WordPress.com vs WordPress.org self-hosted

WordPress is my life and my passion – I wouldn’t know what to do without it. I often recommend it, I often install it and I teach people about it.

One of the question I often get asked by beginners is “what’s the difference between WordPress.com and this self hosted thing”? Let me explain.

WordPress.com

is a free for all hosted service with a good choice of Layouts (called Themes) and Plugins (those are sidebar widgets and little programmes to add functionality to your blog). You get 5GB of web space and don’t have to worry about finding a web host. You’ll be part of a big blogging community and can start with literally no knowledge of HTML & Co. However, this version is limited in what you can achieve with it.

Then there’s

WordPress.org

which is the “software” you can install on a web server and expand to whatever you see fit. It works just like the free version, with the advantage that you can add as many Themes and Plugins to it as you like: turn your site into a shopping cart, use it as Framework to build a proper website, or amend the code to your heart’s content. It’s all open source. You’ll have to have your own webspace with MySQL database, a little knowledge about HTML and how to use an FTP client though.

I recommend signung up for a free account at WordPress.com first and play around with it to get a feel for the platform. You’ll have a URL like yourblog.wordpress.com, but you can add a proper domain (like yourblog.com) for a little bit extra if you want. If it does what you want it to, great! If you find the choice of Themes and Plugins a bit limited, or if you’re looking for a special function you want on your new site, you can always import your posts and pages into a self-hosted version of WordPress later.

The main advantage of a self hosted WordPress over the free version is that you have unlimited control of how your website looks and what it does. Any functionality you can think of, someone’s written a plugin for it. There are hundreds of thousands of designs available, and if you’re comfortable hacking code, you can even build your own Themes and Plugins.

Why would I pay for something that I could get for free?

WordPress.com has a few limitations that you’ll probably find very annoying when your site takes off or if you’re serious about your website as part of a business. Ask yourself this:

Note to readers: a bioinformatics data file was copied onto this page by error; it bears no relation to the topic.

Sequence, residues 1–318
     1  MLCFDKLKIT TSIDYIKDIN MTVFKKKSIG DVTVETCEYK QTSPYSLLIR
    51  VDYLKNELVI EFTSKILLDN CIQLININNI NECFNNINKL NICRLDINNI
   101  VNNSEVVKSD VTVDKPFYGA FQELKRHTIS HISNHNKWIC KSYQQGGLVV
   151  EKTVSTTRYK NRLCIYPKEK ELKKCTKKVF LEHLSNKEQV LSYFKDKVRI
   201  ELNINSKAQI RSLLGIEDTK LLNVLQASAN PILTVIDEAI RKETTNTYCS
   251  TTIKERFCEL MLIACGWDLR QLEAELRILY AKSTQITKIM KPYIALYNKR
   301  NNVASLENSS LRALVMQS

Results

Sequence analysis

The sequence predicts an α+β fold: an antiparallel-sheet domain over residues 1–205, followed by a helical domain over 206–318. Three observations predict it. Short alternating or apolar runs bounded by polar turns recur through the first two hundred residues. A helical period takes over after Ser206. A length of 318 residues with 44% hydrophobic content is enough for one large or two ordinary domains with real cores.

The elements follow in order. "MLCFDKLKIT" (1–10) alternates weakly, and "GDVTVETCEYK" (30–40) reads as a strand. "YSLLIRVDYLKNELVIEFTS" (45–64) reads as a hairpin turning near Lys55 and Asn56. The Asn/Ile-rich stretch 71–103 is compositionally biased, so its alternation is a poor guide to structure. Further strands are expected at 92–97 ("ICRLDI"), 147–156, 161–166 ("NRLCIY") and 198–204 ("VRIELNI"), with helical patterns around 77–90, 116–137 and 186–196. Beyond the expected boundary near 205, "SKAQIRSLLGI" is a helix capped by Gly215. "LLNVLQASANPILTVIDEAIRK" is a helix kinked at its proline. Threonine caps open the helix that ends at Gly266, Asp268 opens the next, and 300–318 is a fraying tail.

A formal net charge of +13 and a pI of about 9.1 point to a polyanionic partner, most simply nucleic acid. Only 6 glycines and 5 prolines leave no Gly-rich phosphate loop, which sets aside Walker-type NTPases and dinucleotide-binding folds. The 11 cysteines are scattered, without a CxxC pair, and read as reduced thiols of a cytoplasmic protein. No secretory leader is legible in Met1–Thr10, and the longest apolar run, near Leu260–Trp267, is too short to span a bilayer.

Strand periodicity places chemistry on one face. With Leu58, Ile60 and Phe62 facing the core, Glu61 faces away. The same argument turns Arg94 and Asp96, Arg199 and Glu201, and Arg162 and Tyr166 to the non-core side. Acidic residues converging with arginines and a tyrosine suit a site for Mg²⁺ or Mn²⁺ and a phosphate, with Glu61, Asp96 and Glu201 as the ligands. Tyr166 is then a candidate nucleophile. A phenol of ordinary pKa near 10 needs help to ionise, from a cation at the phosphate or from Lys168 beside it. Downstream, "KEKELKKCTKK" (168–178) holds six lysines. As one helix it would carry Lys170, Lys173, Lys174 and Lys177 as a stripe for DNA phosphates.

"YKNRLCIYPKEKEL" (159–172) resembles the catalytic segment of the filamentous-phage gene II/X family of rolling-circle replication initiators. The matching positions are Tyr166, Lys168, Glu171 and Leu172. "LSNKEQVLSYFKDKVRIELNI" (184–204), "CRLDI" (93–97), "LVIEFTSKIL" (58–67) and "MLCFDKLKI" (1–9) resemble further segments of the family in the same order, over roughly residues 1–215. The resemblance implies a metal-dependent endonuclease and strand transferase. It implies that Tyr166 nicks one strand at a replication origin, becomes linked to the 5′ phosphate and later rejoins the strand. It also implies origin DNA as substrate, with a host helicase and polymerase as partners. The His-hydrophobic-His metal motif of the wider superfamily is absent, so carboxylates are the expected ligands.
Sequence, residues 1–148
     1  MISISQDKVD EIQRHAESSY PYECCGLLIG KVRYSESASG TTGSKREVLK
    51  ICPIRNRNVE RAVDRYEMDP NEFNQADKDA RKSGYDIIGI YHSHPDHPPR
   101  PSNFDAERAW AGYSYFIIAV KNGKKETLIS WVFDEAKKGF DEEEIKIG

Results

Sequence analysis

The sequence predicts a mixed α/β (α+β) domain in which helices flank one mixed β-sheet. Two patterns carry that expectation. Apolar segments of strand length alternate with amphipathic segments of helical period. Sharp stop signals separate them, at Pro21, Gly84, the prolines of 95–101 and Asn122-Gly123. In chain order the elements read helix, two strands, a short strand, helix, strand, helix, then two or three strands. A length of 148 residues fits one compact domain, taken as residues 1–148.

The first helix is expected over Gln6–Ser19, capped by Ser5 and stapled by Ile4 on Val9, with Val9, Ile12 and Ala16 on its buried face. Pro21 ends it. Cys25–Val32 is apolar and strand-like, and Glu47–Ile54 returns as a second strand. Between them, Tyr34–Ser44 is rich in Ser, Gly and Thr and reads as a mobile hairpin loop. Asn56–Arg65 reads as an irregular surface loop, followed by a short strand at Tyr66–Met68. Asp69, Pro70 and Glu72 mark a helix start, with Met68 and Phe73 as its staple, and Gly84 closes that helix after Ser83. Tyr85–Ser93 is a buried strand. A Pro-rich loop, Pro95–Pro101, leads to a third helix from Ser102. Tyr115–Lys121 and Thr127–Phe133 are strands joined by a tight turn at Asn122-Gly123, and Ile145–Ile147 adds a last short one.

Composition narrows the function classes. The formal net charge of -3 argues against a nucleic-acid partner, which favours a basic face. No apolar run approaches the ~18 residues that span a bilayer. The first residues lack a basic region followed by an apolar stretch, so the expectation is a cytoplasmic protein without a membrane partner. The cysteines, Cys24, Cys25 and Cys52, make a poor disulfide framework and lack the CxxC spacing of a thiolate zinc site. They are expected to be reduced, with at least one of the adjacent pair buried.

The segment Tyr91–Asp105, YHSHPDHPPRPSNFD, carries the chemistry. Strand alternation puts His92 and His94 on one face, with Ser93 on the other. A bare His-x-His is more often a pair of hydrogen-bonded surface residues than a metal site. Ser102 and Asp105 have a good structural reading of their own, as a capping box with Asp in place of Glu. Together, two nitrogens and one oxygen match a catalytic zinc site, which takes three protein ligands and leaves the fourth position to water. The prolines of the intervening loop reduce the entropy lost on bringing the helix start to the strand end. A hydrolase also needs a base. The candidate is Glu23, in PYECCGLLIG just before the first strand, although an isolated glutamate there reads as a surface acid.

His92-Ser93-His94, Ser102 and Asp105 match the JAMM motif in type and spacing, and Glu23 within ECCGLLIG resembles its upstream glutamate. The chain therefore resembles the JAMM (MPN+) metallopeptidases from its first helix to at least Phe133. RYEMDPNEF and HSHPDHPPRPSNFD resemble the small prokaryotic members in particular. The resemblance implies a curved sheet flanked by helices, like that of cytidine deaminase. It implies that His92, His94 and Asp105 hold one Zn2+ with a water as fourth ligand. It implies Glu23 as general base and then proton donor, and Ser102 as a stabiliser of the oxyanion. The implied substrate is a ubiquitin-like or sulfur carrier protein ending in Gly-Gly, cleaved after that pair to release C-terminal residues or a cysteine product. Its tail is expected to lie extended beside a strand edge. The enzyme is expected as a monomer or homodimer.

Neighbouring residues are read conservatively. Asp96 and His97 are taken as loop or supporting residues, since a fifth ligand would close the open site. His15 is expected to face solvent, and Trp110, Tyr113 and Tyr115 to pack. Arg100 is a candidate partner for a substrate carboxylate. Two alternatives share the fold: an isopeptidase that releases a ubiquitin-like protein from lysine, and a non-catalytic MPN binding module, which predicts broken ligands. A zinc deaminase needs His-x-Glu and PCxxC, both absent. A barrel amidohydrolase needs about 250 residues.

• Do I need an ecommerce site for selling products?
  • Do I want a unique photo blog?
  • Do I want to display advertising?
  • Do I want to use a particular plugin I’ve seen?
  • Do I want to use premium themes for fully customised layouts?

In that case, self-hosted is for you.

I offer competitive WordPress packages ready to go: You get the latest version pre-installed on my server and automatic core upgrades too. I can use a domain you already own, or register one for you too. Check out Guru Hosting for all that and more.

Plenty of tutorials on how to get started are on WordPress.com, and they even have some cool video tutorials about every aspect of the platform on WordPress.tv.

Can I move my blog from WordPress.com to a self-hosted package?

Within reason yes. Your content can be exported to an XML file which you can import to your self-hosted version. This will include all your posts and pages as well as comments – however sidebar content, links and custom menus will not be ported and will have to be re-built from scratch.

If you’ve come to love a particular theme on WordPress.com and would like to use it on your self-hosted site do a search for said theme and see if you can download it somewhere. Usually though customers are happy to give their site a visual overhaul to mark the occasion.

I can do all the hard work for you – check out this offer with which I’ll transfer your WordPress.com site for you and get you up and running self-hosted without the headaches.

Happy Blogging ๐Ÿ˜‰





Jay is the CEO and founder of WP Hosting, a boutique style managed WordPress hosting and support service. He has been working with Plesk since version 9 and is a qualified Parallels Automation Professional. In his spare time he likes to develop iOS apps and WordPress plugins, or draw on tablet devices. He blogs about his coding journey at http://wpguru.co.uk and http://pinkstone.co.uk.